Glasgow plan to curb city car use

  • Published
Glasgow Central StationImage source, Getty Images
Image caption,
The restrictions are aimed at improving public transport around Central Station

Plans to cut the number of cars on two of Glasgow's busiest streets have been put forward by the city council.

The authority said the change would cut emissions after figures suggested that about 300 people a year died in the city as a result of poor air quality.

They want to introduce two "bus gates" near Central Station, which would limit vehicle access on Union Street and Oswald Street between 07:00-19:00.

The public has been given six weeks to respond to the plans.

As well as buses, the two routes would also allow taxis, private hire vehicles and cycles, as well as goods and service vehicles, to use the routes.

Unaware of restrictions

The restrictions would apply to other traffic travelling southbound on Union Street and northbound on Oswald Street.

It comes after the introduction of a controversial bus gate on Nelson Mandela Place in the city in 2014 resulted in drivers paying more than £1m in fines.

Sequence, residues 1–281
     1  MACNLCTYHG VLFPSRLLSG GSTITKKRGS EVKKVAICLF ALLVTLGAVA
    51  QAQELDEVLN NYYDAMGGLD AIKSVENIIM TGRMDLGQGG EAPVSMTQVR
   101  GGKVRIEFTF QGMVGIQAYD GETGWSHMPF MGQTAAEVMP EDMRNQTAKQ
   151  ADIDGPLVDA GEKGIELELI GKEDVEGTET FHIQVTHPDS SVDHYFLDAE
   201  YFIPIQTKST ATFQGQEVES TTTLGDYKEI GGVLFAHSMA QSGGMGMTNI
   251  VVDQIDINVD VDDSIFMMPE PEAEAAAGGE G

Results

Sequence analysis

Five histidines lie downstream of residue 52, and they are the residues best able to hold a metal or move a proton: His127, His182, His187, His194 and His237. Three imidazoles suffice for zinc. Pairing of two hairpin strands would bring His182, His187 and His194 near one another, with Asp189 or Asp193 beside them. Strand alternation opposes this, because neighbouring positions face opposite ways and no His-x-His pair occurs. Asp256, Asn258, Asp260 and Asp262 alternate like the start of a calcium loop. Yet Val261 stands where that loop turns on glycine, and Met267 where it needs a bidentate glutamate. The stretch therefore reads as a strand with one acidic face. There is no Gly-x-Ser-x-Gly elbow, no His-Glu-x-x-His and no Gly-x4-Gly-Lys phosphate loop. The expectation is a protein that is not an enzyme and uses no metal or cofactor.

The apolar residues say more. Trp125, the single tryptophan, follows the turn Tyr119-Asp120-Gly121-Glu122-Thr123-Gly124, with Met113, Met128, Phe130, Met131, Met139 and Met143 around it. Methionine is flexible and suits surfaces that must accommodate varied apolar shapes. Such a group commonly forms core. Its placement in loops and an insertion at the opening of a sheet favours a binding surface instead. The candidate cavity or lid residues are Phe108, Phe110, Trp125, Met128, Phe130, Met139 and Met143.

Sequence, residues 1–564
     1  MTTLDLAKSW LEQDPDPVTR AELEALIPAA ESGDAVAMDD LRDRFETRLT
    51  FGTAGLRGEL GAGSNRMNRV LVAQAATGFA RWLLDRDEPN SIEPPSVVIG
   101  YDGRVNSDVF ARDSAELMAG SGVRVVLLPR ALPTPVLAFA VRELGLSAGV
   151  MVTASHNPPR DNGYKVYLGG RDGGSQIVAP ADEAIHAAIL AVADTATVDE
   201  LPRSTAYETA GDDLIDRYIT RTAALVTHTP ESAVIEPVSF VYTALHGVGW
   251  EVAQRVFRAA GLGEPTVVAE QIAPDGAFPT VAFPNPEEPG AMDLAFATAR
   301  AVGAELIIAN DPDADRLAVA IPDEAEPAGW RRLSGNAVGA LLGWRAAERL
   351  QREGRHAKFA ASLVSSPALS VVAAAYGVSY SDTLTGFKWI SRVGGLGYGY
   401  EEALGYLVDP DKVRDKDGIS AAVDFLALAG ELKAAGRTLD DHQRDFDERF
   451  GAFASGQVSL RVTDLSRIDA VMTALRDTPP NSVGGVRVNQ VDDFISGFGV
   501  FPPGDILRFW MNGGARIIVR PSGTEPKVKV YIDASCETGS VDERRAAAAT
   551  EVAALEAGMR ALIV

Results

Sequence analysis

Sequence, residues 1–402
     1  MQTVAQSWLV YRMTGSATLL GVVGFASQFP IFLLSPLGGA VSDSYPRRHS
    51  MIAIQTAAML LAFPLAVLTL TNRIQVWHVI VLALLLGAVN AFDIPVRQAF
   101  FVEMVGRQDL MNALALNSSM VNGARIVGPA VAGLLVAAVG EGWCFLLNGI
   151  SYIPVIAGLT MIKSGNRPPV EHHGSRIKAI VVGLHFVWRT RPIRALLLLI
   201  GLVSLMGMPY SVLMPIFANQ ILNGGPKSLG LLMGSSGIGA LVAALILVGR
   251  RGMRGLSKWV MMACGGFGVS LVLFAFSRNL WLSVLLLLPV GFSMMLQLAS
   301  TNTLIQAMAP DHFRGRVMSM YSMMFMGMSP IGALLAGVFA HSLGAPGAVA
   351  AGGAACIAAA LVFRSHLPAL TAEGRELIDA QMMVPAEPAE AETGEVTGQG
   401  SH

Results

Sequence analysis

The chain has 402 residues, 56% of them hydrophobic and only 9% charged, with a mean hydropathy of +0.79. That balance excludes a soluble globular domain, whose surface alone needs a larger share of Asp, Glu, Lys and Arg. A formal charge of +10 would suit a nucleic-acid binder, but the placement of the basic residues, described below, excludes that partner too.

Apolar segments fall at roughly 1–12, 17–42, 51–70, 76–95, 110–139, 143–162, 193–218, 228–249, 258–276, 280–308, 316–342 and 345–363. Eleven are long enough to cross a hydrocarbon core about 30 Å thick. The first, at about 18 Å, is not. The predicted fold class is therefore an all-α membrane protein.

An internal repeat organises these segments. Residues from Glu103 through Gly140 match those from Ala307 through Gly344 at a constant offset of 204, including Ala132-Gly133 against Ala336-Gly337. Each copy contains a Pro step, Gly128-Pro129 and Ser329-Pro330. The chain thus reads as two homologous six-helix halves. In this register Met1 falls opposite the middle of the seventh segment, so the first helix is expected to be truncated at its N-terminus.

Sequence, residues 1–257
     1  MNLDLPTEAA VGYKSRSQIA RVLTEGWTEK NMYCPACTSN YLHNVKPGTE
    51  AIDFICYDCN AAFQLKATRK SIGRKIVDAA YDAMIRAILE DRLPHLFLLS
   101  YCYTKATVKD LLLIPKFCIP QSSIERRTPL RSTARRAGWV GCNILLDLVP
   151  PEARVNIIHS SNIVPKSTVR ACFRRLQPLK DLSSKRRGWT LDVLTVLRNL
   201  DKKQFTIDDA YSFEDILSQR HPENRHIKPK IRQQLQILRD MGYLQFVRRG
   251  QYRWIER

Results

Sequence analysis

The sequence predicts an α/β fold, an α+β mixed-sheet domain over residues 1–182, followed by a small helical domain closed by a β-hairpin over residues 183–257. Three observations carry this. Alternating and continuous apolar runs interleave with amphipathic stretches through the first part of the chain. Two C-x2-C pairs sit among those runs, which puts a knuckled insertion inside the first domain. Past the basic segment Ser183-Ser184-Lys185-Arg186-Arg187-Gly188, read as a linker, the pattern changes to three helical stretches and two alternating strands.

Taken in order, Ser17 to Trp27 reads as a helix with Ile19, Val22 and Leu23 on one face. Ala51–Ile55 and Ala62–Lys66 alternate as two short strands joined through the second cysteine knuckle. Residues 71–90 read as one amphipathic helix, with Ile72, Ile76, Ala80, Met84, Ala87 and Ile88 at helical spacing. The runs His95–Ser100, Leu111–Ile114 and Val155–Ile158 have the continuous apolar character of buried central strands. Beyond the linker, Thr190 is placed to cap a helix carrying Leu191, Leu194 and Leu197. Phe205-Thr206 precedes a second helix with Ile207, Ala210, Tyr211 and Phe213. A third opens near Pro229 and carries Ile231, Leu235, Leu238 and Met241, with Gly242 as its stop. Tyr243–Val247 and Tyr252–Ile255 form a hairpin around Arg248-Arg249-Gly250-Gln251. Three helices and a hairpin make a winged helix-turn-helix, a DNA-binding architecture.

Nearly 70,000 charge notices were issued, with many of the drivers claiming they had been unaware of the restrictions.

Image caption,
A bus gate was introduced in Nelson Mandela Place in 2014

The local authority said the change could also cut the accident risk for pedestrians while promoting public transport.

Cllr Anna Richardson said: "The bus is still easily the most popular form of public transport in Glasgow, but passenger numbers are falling at a very steady rate and the bus industry is under real pressure.

"As a council, we have to do everything that we can to sustain public transport in a city where almost half of our population have no access to a car."

Disabled parking bays

She added: "The bus routes either side of Central Station are two of the busiest in the city and the introduction of bus gates will see significant improvements to the service on these streets.

"This proposal will lead to multiple benefits, encourage sustainable transport and protect our more vulnerable road users."

The restrictions on Oswald Street would apply between Midland Street and Argyle Street, while those on Union Street would be between Gordon Street and Argyle Street.

As part of the proposal, the number of disabled parking bays on West Nile Street will also be increased to account for the loss of access to Union Street.

Alternative routes using Wellington Street and Robertson Street for southbound vehicles and York Street and West Campbell Street for northbound vehicles are also being proposed.